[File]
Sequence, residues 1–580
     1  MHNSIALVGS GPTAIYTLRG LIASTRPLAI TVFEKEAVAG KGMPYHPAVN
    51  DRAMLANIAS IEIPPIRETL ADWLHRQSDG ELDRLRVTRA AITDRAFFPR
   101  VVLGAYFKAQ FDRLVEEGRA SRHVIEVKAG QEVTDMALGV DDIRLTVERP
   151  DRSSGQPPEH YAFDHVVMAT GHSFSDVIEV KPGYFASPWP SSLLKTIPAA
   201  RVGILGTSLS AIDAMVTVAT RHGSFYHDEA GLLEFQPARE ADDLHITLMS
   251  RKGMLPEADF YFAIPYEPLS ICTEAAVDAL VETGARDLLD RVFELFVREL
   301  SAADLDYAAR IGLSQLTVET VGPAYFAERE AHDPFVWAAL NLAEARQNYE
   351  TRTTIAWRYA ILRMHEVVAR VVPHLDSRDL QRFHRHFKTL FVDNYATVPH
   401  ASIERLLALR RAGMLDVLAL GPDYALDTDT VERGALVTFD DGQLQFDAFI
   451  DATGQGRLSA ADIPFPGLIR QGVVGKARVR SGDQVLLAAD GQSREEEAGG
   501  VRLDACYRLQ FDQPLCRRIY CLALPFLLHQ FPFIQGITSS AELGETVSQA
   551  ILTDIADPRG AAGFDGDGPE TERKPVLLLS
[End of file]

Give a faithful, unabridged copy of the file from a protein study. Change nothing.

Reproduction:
Sequence, residues 1–580
     1  MHNSIALVGS GPTAIYTLRG LIASTRPLAI TVFEKEAVAG KGMPYHPAVN
    51  DRAMLANIAS IEIPPIRETL ADWLHRQSDG ELDRLRVTRA AITDRAFFPR
   101  VVLGAYFKAQ FDRLVEEGRA SRHVIEVKAG QEVTDMALGV DDIRLTVERP
   151  DRSSGQPPEH YAFDHVVMAT GHSFSDVIEV KPGYFASPWP SSLLKTIPAA
   201  RVGILGTSLS AIDAMVTVAT RHGSFYHDEA GLLEFQPARE ADDLHITLMS
   251  RKGMLPEADF YFAIPYEPLS ICTEAAVDAL VETGARDLLD RVFELFVREL
   301  SAADLDYAAR IGLSQLTVET VGPAYFAERE AHDPFVWAAL NLAEARQNYE
   351  TRTTIAWRYA ILRMHEVVAR VVPHLDSRDL QRFHRHFKTL FVDNYATVPH
   401  ASIERLLALR RAGMLDVLAL GPDYALDTDT VERGALVTFD DGQLQFDAFI
   451  DATGQGRLSA ADIPFPGLIR QGVVGKARVR SGDQVLLAAD GQSREEEAGG
   501  VRLDACYRLQ FDQPLCRRIY CLALPFLLHQ FPFIQGITSS AELGETVSQA
   551  ILTDIADPRG AAGFDGDGPE TERKPVLLLS